Info Service on UN Sustainable Development (Jun14/04)
26 June 2014
Third World Network
aims to scuttle treaty on human rights abuses
New York, 24 Jun (IPS/Thalif Deen) -- When the United Nations began
negotiating a Code of Conduct for Transnational Corporations (TNCs)
back in the 1970s, the proposal never got off the ground because of
vigorous opposition both from the powerful business community and
its Western allies.
But a move to resurrect this proposal - through the creation of a
new international legally-binding treaty to hold TNCs accountable
for human rights abuses - has been gathering momentum at the current
session of the UN Human Rights Council (UNHRC) in Geneva, which concludes
Still, it has triggered the same political replay of the 1970s: strong
opposition from business interests and Western nations, this time
specifically the 28-member European Union (EU).
Jens Martens, director of the Global Policy Forum Europe, told IPS
there is a heated debate in the UNHRC about establishing an intergovernmental
working group to negotiate the proposed legally binding instrument
"So, the current discussion is not about the substance of a code
of conduct or treaty but on the process," he added.
There are currently two draft resolutions tabled at the UNHRC session
in Geneva: one sponsored by Ecuador and South Africa asking the UNHRC
to establish an intergovernmental working group: a proposal supported
by developing nations of the Group of 77 (G77) and a coalition of
more than 500 non-governmental organisations (NGOs).
A second draft resolution, sponsored by Norway, Russia, Argentina
and Ghana, supports the existing working group on business and human
rights and asks for extending its mandate by another three years:
a draft also supported, among others, by the United States and the
Martens, who co-authored a recent study on "Corporate Influence
on the Business and Human Rights Agenda of the United Nations,"
said "corporate actors have been extremely successful in implementing
public relations strategies that have helped to present business enterprises
as good corporate citizens."
He said they have also given the impression of "seeking dialogue
with governments, the United Nations and decent concerned stakeholders,
and able to implement environment, social and human rights standards
through voluntary Corporate Social Responsibility (CSR) initiatives."
Martens said the UN's much-ballyhooed Global Compact and the UN's
Guiding Principles on Business and Human Rights became prime examples
of an allegedly pragmatic approach based on consensus, dialogue and
partnership with the corporate sector in contrast to regulatory approaches
to hold corporations accountable.
Alberto Villarreal, trade and investment campaigner at Friends of
the Earth Uruguay, told IPS that by recognising environmental activism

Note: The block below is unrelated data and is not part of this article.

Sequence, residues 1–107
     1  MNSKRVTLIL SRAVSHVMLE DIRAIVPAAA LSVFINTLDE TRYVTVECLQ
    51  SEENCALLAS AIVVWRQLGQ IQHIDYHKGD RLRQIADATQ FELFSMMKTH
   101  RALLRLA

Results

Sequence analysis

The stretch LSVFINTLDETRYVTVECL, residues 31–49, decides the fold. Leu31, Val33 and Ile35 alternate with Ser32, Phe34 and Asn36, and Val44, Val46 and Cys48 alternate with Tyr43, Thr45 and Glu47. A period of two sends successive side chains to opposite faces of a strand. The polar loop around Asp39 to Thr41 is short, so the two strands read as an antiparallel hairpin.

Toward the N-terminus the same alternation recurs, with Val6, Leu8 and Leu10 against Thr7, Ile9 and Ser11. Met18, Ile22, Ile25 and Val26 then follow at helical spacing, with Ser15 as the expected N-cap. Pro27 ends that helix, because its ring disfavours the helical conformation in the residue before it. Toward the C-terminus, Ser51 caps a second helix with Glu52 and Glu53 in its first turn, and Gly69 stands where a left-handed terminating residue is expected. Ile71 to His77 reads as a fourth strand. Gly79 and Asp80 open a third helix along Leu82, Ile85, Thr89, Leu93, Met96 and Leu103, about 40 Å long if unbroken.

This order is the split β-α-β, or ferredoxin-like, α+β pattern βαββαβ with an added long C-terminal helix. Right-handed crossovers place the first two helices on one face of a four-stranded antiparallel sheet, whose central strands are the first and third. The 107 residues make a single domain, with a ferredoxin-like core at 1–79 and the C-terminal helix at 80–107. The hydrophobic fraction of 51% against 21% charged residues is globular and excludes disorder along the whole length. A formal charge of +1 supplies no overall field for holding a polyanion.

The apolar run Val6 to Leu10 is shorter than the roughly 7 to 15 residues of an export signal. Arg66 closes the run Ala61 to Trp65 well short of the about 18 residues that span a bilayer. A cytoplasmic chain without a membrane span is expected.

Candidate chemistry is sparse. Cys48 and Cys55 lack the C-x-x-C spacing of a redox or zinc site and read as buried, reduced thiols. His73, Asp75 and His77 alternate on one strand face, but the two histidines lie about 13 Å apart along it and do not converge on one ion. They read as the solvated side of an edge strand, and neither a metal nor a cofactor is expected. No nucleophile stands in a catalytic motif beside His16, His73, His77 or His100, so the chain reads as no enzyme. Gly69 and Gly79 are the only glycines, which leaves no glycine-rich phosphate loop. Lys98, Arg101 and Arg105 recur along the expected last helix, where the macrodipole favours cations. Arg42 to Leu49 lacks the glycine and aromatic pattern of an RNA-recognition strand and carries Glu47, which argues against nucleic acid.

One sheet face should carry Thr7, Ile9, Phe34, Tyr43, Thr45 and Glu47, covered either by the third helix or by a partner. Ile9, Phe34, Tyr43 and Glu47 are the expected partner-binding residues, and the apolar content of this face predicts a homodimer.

in all its expressions as a legitimate defence of human rights, "we
can contribute to the struggle of environmental rights defenders and
keep them safe."
The London-based Global Exchange, an international human rights organisation,
has put out a list of the "top 10 corporate criminals",
accusing them of being complicit in violations of human rights and
The companies identified include Shell/Royal Dutch Petroleum, Nike,
Blackwater International, Syngenta, Barrick Gold and Nestle.
The charges include unlivable working conditions for factory workers,
lack of worker's rights, pollution, child labour, toxic dumping, unfair
labour practices, discrimination, and destruction of indigenous lands
for mining and oil exploration.
Anne van Schaik, accountable finance campaigner at Friends of the
Earth Europe, said many countries support tabling a resolution for
a binding treaty, but the EU has warned that if it gets adopted it
will refuse to discuss it.
"The EU is therefore effectively boycotting the UNHRC and standing
up for corporate interests instead of human rights," she added.
Asked if there would be a decision at the current UNHRC session, Schaik
told IPS, "We are unsure if this issue will be resolved on Friday."
She said the EU's "very obstructive approach" means it will
not participate in the intergovernmental process of creating a treaty
if the resolution is in fact adopted, "thereby effectively undermining
the democratic decision- making process at the United Nations."
Schaik said the Norwegian resolution states that there should be a
discussion on the issue of access to remedy, judicial and non-judicial,
for victims of business-related human rights abuses on the agenda
of the Forum of Businesses and Human Rights.
Effectively that means that at this week's session, there will be
a discussion, but there are no consequences or follow-up plans for
what happens after that, she added.
Schaik said Ecuador proposes to "establish an open-ended intergovernmental
working group with the mandate to elaborate an international legally
binding instrument on Transnational Corporations and Other Business
Enterprises with respect to human rights."
This means there will be a new instrument which will state obligations
for transnational companies, which is obviously much more far reaching
than a discussion at a forum at the United Nations, she said.
The study on the human rights treaty, co-authored by Martens, focuses
specifically on the responses by TNCs and their leading interest groups
to the various UN initiatives, specifies the key actors and their
objectives. It also highlights the interplay between business demands
and the evolution of the regulatory debates at the United Nations.
The study provides an indication of the degree of influence that corporate
actors exert and their ability, in cooperation with some powerful
UN member states, to prevent international binding rules for TNCs
at the United Nations.
Meanwhile, the Paris-based Reporters Without Borders has urged the
UNHRC to promote the adoption of clear and binding rules on online
surveillance and censorship. "Businesses sell technology to authoritarian
regimes that allows them to carry out large-scale online surveillance
of their population," the group said.
In a statement released this week, the Paris-based organisation said
this technology has been, and still is, used in Libya, Egypt, Morocco
and Ethiopia to arrest, imprison and torture. The companies that provide
this technology cannot claim to be unaware of this, it added. +
Chile: Vows to dispel lingering shadow of dictatorship
Santiago, 24 Jun (IPS/Marianela Jarroud) -- Chile has made a commitment